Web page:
A pump application might need to cover several duty points, of which the largest flow and/or head will determine the rated duty for the pump. A control and regulation system is important in a pumping system so as to optimise the duty working conditions for the head pressure and the flow. It provides:
●better system reliability
For any pump with large flow or pressure variations, when normal flows or pressures are less than 75 % of their maximum, energy is probably being wasted from excessive throttling, large bypassed flows (either from a control system or deadhead protection orifices), or operation of unnecessary pumps.
The following control techniques may be used:
●shut down unnecessary pumps. This obvious but frequently overlooked measure can be carried out after a significant reduction in the plant’s use of water or other pumped fluid (hence the need to assess the whole system)
●variable speed drives ( on the electric motor) yield the maximum savings in matching pump output to varying system requirements, but they do have a higher investment cost compared to the other methods of capacity control. They are not applicable in all situations, e.g. where loads are constant (see Section 3.6.3)
●multiple pumps offer an alternative to variable speed, by pass, or throttle control. The savings result because one or more pumps can be shut down when the flow of the system is low, while the other pumps operate at high efficiency. Multiple small pumps should be considered when the pumping load is less than ha lf the maximum single capacity. In multiple pumping systems, energy is commonly lost from bypassing excess capacity, running unnecessary pumps, maintaining excess pressure, or having a large flow increment between pumps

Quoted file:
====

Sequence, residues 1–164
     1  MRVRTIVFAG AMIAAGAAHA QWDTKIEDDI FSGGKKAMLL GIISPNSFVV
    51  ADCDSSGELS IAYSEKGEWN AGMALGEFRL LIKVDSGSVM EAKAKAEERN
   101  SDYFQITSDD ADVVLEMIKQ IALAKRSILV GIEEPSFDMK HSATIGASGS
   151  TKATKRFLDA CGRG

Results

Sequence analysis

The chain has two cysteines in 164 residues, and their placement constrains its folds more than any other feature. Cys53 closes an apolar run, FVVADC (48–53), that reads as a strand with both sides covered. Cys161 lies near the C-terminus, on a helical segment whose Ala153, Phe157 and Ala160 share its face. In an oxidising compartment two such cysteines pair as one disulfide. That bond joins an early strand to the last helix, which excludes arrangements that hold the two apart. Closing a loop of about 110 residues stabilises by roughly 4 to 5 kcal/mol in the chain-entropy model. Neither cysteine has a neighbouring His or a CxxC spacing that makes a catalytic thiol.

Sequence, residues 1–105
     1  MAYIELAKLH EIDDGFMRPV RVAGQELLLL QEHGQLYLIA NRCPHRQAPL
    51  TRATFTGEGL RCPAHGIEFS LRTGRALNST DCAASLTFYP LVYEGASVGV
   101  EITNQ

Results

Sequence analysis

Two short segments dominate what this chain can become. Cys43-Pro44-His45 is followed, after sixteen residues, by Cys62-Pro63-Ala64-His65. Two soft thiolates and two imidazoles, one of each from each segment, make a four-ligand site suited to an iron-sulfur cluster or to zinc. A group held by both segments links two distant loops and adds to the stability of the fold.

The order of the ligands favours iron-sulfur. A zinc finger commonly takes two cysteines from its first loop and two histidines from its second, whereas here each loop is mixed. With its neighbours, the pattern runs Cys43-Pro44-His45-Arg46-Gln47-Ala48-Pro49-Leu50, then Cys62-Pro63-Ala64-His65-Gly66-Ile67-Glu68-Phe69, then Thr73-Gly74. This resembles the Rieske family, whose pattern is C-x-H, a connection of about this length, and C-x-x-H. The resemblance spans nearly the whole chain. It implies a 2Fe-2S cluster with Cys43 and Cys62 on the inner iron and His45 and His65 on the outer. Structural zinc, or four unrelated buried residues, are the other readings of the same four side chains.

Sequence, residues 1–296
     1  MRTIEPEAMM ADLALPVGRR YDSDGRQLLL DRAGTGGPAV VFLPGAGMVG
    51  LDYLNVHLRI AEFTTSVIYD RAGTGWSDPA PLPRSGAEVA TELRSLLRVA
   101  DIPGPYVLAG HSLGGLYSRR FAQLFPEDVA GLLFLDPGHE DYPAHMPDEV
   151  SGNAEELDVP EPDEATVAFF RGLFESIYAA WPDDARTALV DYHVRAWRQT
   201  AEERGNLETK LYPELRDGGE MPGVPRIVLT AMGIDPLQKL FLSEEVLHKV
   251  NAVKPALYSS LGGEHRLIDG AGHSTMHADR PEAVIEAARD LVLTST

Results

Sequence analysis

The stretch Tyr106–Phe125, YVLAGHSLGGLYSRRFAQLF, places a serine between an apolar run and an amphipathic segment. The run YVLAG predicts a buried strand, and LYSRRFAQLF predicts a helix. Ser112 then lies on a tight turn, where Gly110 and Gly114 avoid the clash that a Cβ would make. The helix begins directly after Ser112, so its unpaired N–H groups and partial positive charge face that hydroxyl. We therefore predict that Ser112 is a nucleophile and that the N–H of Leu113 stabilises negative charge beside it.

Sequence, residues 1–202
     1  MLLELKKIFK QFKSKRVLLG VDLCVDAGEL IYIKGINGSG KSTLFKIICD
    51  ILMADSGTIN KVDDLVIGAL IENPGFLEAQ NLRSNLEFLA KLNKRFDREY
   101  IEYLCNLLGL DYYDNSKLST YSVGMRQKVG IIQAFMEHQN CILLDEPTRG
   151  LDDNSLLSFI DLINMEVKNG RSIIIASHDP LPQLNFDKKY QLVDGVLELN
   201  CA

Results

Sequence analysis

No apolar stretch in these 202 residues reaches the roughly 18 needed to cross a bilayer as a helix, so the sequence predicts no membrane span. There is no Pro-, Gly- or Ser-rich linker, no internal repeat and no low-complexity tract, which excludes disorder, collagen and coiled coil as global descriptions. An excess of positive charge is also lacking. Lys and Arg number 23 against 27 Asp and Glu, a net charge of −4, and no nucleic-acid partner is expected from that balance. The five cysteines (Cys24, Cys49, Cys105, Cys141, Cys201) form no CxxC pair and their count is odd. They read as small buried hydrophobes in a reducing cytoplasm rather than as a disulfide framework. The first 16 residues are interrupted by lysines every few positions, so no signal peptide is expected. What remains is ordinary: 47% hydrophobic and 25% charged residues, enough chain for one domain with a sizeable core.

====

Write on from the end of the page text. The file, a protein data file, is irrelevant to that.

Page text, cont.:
●controlling a centrifugal pump by throttling the pump discharge (using a valve) wastes energy. Throttle control is, however, generally less energy wasteful than two other widely used alternatives: no control and by pass control. Throttles can, therefore, represent a means to save pump energy, although this is not the optimum choice.
The applicability of particular measures, and the extent of cost savings depend upon the size and specific nature of the installation and system. Only an assessment of a system and the installation needs can determine which measures provide the correct cost-benefit. This could be done by a qualified pumping system service provider or by qualified in-house engineering staff.
The assessment conclusions will identify the measures that are applicable to a system, and will include an estimate of the savings, the cost of the measure, as well as the payback time.
Pumping systems often have a lifespan of 15 to 20 years, so a consideration of lifetime costs against initial (purchase) costs are important.
Pumps are typically purchased as individual components, although they provide a service only when operating as part of the system, so a consideration of the system is important to enable a proper assessment of the cost-benefit.
Energy Efficiency (2009) 3.8.5